I downloaded and installed the latest version of Chrome for Linux on my copy of 64-bit Linux Mint 7, today. Thinking nothing of it, I went on with my normal procedures. Then, Michael Klurfeld posted a Digg link to one of TechGeist’s stories. At the top of the story was an embedded YouTube video. Fully expecting it to show a big blank space as Chrome on Linux always has where a YouTube video should appear, I went on with reading the story.
I then looked up and noticed that the YouTube player had loaded and was showing the first frame of the video with the standard “Play” emblem in the middle of it. “This must just be a screen shot or something, like YouTube uses on their home page,” I thought, at first. Just for kicks, I decided to click the video anyway.
I’m not sure how many people are aware of this amazing tool, as I just heard about it today. However, I came across an article discussing font replacement, and it mentioned a utility called “sIFR”. I quickly did a Google search and found out exactly what that is.
Ikea, the Swedish furniture giant, has once again developed a new and innovative way to advertise their products.
A few months ago, CenterNetworks posted about Ikea’s ad campaign with Nils, a single guy living alone in his Ikea-furnished apartment while his every move was broadcast across the Internet. That was pretty wild, but I think Ikea’s latest innovation is even more ingenious (although it’s just as creepy and weird as the Nils concept).
Ikea has unleashed a new site called “Come Into the Closet” (warning – for some unknown reason, this site resizes your browser window). This campaign uses Adobe Flash to synchronize stop-action animation (with actors, not drawings) with any music thrown at it. The characters will move in sync with the beat of the music. What’s more, the movements actually seem to be controlled by pitch as well as rhythm.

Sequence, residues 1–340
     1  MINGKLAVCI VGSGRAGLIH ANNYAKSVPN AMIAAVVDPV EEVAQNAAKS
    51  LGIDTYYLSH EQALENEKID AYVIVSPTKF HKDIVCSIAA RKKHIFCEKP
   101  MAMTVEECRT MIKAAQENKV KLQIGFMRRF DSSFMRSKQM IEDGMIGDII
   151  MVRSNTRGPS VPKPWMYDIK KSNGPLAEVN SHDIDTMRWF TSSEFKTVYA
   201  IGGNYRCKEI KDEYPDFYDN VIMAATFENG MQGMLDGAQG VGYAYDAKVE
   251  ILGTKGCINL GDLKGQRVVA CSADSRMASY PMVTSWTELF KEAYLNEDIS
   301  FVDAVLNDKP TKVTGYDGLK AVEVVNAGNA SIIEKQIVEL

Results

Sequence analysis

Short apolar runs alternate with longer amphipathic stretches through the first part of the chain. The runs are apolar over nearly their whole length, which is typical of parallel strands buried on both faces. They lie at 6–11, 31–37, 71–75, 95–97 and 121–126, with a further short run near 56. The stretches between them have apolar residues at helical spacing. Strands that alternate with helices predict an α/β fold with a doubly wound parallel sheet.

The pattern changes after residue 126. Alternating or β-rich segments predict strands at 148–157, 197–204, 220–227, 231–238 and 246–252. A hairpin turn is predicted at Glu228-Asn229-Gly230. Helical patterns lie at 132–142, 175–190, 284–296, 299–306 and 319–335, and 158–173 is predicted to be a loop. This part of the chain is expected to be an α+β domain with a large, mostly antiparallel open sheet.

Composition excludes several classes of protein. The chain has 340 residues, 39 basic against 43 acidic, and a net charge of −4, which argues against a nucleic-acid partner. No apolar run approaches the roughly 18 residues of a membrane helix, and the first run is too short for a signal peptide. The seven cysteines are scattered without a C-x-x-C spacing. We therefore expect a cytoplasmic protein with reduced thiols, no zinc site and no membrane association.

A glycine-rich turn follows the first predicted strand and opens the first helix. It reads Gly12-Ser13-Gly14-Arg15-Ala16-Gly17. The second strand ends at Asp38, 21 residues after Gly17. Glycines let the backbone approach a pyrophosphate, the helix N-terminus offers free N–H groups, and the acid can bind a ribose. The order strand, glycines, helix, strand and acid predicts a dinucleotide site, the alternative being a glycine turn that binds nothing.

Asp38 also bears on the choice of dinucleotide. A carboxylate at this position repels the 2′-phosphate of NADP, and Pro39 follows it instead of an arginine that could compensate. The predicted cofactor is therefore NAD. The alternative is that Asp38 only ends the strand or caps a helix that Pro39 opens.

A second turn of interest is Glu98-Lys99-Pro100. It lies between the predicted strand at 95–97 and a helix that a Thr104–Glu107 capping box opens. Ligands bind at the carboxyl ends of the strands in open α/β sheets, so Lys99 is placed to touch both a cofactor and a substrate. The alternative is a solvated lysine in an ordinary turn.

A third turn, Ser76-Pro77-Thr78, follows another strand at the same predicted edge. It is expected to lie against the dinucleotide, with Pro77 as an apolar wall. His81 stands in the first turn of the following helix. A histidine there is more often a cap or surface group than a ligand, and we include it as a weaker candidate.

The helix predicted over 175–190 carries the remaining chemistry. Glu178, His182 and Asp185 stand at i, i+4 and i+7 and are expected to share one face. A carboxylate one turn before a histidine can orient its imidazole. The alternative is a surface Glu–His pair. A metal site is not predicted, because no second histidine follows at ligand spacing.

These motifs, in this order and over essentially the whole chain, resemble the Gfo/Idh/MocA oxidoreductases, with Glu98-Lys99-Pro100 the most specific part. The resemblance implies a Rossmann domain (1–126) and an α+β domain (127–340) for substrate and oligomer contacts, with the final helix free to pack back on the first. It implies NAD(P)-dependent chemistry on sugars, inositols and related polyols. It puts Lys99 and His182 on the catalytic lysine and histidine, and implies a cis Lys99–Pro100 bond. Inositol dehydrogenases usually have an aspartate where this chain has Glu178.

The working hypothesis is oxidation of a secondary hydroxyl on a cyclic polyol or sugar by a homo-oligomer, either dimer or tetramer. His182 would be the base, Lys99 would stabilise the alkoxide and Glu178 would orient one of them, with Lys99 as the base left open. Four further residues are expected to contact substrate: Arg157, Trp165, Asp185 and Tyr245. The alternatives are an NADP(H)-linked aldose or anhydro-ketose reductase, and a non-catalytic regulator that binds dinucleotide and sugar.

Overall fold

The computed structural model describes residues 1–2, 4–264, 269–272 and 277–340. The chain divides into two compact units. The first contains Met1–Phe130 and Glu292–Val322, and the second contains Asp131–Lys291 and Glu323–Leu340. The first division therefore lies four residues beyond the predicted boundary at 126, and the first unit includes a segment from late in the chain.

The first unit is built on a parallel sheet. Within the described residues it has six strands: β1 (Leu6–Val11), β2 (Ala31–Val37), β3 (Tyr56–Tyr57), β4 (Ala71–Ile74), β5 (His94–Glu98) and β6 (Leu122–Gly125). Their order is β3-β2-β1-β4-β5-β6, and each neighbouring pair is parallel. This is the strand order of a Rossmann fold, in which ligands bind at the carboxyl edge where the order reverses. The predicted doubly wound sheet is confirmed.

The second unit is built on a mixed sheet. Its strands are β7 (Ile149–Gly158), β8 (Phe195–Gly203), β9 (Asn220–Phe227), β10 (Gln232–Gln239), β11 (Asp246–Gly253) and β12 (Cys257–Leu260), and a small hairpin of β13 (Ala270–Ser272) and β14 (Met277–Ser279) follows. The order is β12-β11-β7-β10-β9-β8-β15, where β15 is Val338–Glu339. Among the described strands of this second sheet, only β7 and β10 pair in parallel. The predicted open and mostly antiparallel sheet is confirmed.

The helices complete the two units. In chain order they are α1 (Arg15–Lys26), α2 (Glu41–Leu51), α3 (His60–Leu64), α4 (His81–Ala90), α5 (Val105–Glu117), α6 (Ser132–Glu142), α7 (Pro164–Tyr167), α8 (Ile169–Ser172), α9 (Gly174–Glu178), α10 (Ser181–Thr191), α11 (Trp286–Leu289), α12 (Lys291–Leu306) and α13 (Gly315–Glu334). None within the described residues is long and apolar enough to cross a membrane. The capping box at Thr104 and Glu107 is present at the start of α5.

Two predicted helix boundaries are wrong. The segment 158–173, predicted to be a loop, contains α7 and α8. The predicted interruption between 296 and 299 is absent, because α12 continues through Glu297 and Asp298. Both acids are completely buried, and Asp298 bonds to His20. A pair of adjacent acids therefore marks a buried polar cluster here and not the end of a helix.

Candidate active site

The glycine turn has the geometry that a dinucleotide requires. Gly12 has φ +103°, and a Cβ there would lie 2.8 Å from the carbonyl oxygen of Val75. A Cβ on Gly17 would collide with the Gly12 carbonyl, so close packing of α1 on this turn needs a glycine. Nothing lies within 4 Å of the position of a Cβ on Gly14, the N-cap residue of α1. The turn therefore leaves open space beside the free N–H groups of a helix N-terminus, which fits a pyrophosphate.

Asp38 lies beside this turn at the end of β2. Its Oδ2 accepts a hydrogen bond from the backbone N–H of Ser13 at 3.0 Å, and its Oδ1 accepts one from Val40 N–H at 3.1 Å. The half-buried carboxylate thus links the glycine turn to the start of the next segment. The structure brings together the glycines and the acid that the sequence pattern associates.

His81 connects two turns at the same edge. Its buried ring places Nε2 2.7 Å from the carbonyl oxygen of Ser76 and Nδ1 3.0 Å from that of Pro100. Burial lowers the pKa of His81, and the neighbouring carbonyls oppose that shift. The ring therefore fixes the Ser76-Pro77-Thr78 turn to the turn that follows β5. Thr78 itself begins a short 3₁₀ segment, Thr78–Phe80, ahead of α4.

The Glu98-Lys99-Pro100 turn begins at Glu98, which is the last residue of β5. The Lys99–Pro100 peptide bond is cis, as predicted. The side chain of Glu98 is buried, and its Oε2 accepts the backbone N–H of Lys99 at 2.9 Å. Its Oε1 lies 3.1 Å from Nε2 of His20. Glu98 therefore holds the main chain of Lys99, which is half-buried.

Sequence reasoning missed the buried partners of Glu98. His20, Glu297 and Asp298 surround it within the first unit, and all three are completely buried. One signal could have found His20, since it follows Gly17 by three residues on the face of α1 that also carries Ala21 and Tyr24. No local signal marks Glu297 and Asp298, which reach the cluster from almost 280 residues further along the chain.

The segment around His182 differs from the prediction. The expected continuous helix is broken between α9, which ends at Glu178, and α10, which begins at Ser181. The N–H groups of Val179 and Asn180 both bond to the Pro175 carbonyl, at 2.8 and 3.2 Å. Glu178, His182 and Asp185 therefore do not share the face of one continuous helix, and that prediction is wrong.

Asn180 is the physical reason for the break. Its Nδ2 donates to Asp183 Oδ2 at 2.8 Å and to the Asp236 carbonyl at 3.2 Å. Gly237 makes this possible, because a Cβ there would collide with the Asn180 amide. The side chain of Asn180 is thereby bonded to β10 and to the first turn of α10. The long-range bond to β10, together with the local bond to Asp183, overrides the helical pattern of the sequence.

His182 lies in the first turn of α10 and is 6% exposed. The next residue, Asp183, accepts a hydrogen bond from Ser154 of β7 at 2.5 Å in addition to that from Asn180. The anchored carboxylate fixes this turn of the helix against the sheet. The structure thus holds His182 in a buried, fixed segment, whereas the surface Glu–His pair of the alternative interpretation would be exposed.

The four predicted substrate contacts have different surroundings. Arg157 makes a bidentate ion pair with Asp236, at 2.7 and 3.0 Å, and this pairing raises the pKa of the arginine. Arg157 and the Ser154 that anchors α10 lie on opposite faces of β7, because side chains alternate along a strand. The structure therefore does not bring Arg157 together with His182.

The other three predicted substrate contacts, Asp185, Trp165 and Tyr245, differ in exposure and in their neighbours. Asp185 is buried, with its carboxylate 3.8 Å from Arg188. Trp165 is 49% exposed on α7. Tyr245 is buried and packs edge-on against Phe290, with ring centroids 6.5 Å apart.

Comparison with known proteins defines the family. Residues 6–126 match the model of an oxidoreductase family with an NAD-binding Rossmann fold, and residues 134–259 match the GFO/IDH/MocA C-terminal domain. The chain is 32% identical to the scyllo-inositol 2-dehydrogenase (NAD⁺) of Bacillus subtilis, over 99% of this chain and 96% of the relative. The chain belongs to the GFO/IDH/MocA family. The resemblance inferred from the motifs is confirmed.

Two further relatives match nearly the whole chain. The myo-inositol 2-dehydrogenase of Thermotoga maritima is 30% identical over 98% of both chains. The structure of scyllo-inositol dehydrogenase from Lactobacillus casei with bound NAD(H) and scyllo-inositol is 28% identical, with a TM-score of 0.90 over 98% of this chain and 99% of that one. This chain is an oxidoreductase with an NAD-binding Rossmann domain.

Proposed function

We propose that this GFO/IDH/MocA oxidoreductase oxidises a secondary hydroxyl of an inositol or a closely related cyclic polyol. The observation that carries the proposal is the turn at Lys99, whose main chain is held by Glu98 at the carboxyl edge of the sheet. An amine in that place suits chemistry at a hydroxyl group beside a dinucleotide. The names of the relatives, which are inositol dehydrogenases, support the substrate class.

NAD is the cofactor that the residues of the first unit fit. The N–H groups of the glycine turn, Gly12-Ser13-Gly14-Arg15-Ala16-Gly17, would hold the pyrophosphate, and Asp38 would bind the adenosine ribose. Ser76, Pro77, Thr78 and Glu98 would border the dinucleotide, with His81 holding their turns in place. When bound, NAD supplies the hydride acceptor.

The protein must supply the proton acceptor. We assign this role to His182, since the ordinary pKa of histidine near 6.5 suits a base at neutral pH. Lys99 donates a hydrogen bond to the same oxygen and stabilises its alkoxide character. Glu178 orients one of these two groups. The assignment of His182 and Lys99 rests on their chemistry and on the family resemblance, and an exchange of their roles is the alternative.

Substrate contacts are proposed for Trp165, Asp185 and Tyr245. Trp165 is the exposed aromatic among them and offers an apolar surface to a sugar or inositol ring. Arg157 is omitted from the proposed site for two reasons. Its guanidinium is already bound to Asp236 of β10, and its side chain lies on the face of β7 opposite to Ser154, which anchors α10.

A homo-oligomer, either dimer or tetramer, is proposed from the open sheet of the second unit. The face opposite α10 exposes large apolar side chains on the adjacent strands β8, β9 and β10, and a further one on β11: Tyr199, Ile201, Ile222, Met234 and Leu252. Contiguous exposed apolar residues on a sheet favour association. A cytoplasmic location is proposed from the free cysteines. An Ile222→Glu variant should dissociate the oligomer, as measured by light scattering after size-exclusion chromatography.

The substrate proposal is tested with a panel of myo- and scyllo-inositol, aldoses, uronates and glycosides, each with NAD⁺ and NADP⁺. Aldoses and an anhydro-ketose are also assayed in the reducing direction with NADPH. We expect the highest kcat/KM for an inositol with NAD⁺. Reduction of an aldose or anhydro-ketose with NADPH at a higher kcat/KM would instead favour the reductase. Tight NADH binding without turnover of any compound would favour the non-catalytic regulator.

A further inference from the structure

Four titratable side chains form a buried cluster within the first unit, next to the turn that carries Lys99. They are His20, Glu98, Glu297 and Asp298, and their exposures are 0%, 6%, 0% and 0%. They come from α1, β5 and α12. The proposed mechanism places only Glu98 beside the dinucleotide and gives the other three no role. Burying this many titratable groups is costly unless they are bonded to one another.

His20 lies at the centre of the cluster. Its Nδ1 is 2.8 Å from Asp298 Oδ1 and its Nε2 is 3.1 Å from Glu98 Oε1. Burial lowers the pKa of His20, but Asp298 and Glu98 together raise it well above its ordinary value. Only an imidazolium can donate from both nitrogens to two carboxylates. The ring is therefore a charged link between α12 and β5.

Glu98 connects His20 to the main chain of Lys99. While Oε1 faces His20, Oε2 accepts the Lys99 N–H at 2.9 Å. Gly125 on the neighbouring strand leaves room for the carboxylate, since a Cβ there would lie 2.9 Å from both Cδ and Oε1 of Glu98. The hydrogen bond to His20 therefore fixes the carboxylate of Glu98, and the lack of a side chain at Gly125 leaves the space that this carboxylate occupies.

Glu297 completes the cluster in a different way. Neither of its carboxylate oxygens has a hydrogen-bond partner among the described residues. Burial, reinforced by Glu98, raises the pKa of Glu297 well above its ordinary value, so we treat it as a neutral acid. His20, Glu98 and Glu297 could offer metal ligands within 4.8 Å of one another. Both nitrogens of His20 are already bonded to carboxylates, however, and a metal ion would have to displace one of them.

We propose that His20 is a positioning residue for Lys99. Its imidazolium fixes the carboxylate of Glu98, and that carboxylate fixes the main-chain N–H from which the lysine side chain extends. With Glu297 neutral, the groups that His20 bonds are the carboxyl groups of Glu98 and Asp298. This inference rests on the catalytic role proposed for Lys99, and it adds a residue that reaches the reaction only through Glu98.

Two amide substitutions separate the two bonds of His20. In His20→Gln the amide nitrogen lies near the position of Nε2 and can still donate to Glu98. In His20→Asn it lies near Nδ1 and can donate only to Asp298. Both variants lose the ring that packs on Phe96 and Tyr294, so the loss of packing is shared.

Be sure to check it out. You can even upload your own tracks to see how the characters interact. I found that the movements almost begin to look like epliepsy when you upload a track with driving beats and very little silence.
My supervisor sent this to me at work the other day. It really is an amazing promotional piece. You may need to watch the video more than once to get the full effect, but it’s definitely worth watching again. I am truly amazed at how the developers were able to put this together, but I am incredibly impressed.
I assume that it’s all done with Flash, but I really am not 100% certain. What do you think?
It just bothers me, as someone who railed against Flash for so long only to see the days of pointless Flash splash pages finally go by the wayside. Now, to see Flash seemingly making a comeback in such a big way (at least, among higher education Web sites) really upsets me. To me, it actually seems almost lazy.
Enough of my tirade. What are your thoughts? Am I just super-sensitive to this, or are you noticing a comeback in Flash usage, as well? Does it bother you to see that, or are you okay with it? If Flash is necessary for certain applications, what are some ways you can make it accessible to disabled users?
I visited the main Web site for the Novell companies the other day, and was fairly impressed by the design of the home page. I was a bit disappointed by the fact that the menu is hidden until you mouseover (poor choice for usability), but I was impressed by the overall design.
The site makes very good use of Flash, and seems to have optimized the Flash items extremely well. You won’t hear me toot the horn for Flash usage very often, but Novell’s Web site impressed me very much. When you have a chance, you should pop on over and check it out.
I was especially impressed by the home page of the main site and by the SuSE Linux pages. I am honestly shocked at just how quickly the pages load, even with the large Flash objects on each one.